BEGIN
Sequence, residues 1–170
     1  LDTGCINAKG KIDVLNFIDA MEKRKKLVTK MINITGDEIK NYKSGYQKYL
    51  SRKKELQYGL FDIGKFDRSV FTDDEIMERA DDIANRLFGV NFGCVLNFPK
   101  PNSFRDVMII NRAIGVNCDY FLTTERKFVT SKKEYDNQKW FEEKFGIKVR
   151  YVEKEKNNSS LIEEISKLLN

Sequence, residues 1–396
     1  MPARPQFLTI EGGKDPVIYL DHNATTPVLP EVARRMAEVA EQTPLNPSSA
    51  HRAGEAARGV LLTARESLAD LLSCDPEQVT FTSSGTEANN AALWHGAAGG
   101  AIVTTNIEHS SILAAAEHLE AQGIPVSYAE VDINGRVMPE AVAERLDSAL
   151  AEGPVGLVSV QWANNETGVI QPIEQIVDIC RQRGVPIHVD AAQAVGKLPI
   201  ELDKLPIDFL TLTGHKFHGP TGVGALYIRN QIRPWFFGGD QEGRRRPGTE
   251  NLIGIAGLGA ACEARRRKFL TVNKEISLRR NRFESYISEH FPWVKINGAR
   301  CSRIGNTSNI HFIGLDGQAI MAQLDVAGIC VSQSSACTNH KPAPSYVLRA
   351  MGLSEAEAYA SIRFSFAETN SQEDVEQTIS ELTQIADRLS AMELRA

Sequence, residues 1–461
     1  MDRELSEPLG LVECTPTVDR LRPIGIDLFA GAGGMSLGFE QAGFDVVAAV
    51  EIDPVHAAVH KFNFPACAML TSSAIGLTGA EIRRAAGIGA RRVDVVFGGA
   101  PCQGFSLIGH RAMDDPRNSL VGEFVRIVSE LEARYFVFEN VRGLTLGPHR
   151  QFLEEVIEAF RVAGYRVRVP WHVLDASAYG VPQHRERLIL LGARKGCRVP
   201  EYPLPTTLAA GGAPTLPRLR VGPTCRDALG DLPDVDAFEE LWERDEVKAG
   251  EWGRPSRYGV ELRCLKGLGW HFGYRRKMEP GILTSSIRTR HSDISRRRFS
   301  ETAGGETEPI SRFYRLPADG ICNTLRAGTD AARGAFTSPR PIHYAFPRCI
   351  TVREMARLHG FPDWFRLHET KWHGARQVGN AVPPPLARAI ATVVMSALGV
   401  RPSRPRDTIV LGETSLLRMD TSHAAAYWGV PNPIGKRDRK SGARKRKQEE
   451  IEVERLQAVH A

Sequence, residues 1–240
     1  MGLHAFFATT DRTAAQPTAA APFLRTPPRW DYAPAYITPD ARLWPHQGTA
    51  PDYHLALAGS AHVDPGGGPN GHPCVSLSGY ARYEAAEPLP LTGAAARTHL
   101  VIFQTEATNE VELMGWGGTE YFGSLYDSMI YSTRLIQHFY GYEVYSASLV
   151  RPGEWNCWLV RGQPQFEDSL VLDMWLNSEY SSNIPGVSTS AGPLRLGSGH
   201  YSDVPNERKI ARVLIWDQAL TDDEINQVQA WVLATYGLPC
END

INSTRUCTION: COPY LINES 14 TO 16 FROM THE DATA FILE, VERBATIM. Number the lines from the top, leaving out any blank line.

   351  MGLSEAEAYA SIRFSFAETN SQEDVEQTIS ELTQIADRLS AMELRA

Sequence, residues 1–461
     1  MDRELSEPLG LVECTPTVDR LRPIGIDLFA GAGGMSLGFE QAGFDVVAAV